Guide to King LASIK – Part Two

Guide to King LASIK – Part Two

What is LASIK?

LASIK (laser-assisted in-situ keratomileusis) eye surgery is the most popular procedure for correcting vision problems caused by refractive error, in which the eyes fail to focus light correctly. LASIK eye surgery treats nearsightedness, farsightedness, and astigmatism, dramatically reducing and often eliminating the need for glasses and contact lenses.

The LASIK Procedure:

  • First, the eye is numbed with use of local anesthetic drops. Once you can’t feel your eye, a small flap is created on the surface of the cornea using a precise instrument known as a microkeratome. This allows the surgeon access to the corneal bed.
  • After careful positioning of the corneal flap, a cool-beam, excimer laser reshapes the cornea, shifting the eye’s focal point to provide clearer vision.
  • The corneal flap is then gently repositioned and will begin to heal immediately.

 

What is CONVENTIONAL LASIK vs. CUSTOM LASIK?

Conventional LASIK

LASIK eye surgery reshapes the cornea, the part of the eye which focuses light on the retina. In a LASIK procedure, that reshaping happens after a calculated laser treatment plan taking into account the exact refractive error of the eye. Nearsightedness is corrected by flattening the cornea, whereas farsightedness is fixed by steepening the cornea. For astigmatism, the cornea is simply rounded. The final result of LASIK eye surgery is, for most patients, vision good enough that they no longer require glasses or contacts for most activities.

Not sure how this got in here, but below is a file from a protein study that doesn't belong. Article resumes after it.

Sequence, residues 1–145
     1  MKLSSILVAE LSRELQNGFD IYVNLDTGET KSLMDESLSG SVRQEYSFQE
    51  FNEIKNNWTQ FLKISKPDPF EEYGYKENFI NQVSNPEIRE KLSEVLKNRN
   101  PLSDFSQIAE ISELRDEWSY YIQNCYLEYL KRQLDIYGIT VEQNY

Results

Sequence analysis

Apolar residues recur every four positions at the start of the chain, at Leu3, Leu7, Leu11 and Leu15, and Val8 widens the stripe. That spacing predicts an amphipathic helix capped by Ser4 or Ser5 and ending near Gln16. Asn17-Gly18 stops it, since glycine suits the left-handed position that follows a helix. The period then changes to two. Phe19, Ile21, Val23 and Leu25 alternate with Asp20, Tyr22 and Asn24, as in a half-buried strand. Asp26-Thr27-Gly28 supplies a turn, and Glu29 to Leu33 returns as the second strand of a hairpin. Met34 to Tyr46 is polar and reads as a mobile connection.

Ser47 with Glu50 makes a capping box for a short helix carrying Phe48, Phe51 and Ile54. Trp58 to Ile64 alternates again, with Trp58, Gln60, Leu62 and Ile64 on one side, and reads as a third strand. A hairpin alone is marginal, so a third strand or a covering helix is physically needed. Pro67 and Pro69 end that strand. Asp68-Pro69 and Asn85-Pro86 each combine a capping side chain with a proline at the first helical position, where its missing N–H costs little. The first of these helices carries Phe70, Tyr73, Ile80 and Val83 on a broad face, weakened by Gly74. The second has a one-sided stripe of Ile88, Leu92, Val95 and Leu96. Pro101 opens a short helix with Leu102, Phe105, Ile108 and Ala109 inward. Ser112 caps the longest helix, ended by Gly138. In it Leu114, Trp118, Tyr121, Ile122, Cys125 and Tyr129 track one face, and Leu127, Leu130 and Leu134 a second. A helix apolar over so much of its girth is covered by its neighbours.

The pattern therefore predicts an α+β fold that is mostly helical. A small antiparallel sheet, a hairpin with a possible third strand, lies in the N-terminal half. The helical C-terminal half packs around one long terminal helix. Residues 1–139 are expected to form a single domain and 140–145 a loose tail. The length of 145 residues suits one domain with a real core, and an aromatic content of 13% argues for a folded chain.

Custom Wavefront LASIK:

Custom LASIK can be used to reduce night vision disturbances like glare and halos. A larger percentage of Custom LASIK recipients gain 20/20 vision from this procedure, which uses personalized treatment in the form of the wavefront analyzer, which allows for a higher level of diagnostic information.

Wavefront technology originated through NASA, where it was originally used for high-powered telescopes. The wavefront analyzer creates a detailed map of your visual system 25 times more precise than standard LASIK technology can produce. This level of detail allows for tiny irregularities known as “higher order aberrations” to be captured and fixed. This highly personalized data is then transferred to the laser used in your Custom LASIK treatment plan, where it will best treat your unique vision problems.